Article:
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Christ and the King; An Advent of Silence



We honor Christ the King this weekend. The theme is clear from the Scriptures, but its current celebration is not quite a century old. At the heart of this feast established in 1925 by Pope Pius XI is the relationship between worldly power and the Kingdom of God revealed in the death and resurrection of Jesus.

The great Christian author C.S. Lewis expressed this relationship eloquently: governments, nations, empires, kingdoms, leaders all exist for a time and pass away; but God and persons made in the image of God endure forever. Or, as one of the Advent prayers asks: “We humbly beseech you, O Lord, that you may teach us to judge wisely the things of earth and hold firm to the things of heaven.” Speaking of Advent: as you have seen in the Advent/ Christmas mailing, our One in Christ ACC will focus this Advent season reflecting on silence in our often noisy and frantic world. We will be invited to cultivate silence in our homes, our vehicles, and our hearts; and how to relieve the silence that surrounds the lonely and forgotten. How will you use these weeks to prepare for the Birth of the Savior? Advent invites us to the freedom to slow down, to keep watch, to wait in silence and stillness. For some years, I have published this list of suggestions for a more spiritual Advent. No one can do all of them, of course; but again this year I ask you to consider this list and explore ways to continue or establish new and holy traditions in your home.


-- Declare a “Peace and Quiet Zone” in your home – TV, radio, cell phones, and other electronics are turned off and all spend 5 or 10 minutes in silent prayer and reflection. Use this time to appreciate the stillness and silence, to meditate prayerfully on the meaning of Advent and the promise of a Redeemer.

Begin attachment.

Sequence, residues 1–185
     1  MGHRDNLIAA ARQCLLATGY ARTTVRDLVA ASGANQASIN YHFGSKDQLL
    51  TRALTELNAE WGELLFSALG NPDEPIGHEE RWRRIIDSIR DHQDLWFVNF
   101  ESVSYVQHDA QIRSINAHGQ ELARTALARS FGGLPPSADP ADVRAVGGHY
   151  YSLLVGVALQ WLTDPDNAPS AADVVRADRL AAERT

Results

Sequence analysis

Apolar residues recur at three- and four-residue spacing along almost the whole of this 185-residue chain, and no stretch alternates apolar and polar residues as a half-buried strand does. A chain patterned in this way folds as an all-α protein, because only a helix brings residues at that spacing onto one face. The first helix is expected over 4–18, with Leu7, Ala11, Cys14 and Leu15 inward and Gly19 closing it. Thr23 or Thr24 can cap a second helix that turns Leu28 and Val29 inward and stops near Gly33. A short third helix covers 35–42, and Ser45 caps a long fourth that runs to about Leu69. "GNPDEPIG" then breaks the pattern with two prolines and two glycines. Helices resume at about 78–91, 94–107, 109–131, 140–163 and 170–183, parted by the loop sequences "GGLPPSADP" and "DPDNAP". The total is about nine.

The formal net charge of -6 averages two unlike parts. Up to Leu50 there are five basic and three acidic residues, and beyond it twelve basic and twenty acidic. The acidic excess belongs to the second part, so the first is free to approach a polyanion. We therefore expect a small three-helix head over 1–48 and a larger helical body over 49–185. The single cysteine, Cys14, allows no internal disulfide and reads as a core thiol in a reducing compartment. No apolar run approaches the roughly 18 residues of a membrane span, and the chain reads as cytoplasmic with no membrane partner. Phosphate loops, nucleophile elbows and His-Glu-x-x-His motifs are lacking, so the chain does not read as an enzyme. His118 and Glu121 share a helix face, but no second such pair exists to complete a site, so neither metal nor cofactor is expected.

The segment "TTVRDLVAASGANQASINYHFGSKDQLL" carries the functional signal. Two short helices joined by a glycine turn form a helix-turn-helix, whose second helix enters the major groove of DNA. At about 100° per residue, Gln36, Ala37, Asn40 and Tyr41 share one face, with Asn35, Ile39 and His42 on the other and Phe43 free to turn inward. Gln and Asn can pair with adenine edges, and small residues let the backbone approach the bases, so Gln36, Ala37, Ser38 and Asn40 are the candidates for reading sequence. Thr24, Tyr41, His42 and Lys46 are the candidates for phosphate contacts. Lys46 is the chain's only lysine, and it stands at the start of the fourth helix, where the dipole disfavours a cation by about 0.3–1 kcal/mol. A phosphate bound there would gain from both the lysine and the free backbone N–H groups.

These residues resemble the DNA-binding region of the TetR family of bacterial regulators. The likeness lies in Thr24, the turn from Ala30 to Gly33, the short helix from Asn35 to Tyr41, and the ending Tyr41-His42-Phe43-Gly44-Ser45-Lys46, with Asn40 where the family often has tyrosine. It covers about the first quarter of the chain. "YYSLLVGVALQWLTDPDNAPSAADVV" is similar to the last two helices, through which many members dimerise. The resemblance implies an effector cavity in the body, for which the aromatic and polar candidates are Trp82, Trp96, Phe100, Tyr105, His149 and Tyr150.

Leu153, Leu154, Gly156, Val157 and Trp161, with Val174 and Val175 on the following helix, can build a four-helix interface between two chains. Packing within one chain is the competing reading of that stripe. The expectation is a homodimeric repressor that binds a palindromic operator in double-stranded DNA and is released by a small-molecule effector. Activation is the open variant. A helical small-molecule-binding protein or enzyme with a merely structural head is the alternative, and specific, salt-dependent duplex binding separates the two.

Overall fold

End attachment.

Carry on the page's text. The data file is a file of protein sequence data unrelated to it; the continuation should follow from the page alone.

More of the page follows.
-- Discuss a family gift to a charitable organization. As Pope

Francis has stressed so often, sincere concern for those genuinely in need reflects our understanding of the meaning of the Lord’s birth. One way to give a very meaningful and truly useful gift is to use the money one would spend on a gift as a donation to help the needy in our world.

-- Spend a few minutes around the dinner table talking about Bishop Neary’s Pastoral Letter on the Eucharist and tell a story of what the Eucharist means to you.

-- As you write each card or wrap each gift, offer a prayer for each person who will receive it.

-- Visit a friend or relative who is lonely for some companionship. Call first, and bring along a small gift.

-- Receive the Sacrament of Reconciliation before Christmas, and seek to be reconciled with others as well with a sincere apology.

-- Volunteer for an outreach service opportunity in our community, help with a parish event, invite a friend to Mass with you.

-- Consider setting up the Christmas manger scene gradually, reflecting on the significance of each figure to the scene. Why did God place them in that time and place?

-- Try to have the preparations of shopping, baking, cards, and so on finished a week before Christmas, so that the final days of Advent can be spent in calm and peace.

-- Go caroling with a group of families and other friends.

-- Have each member of the household set aside one gift they have received to give away in turn to the less fortunate. This is a way for the “giving” of Christmas to extend beyond the day itself.

-- Pray the Joyful Mysteries of the Rosary together.

-- Spend some quiet time in prayer alone at the manger scene, either in church or at home.

Thank Jesus for coming to us as our Savior.

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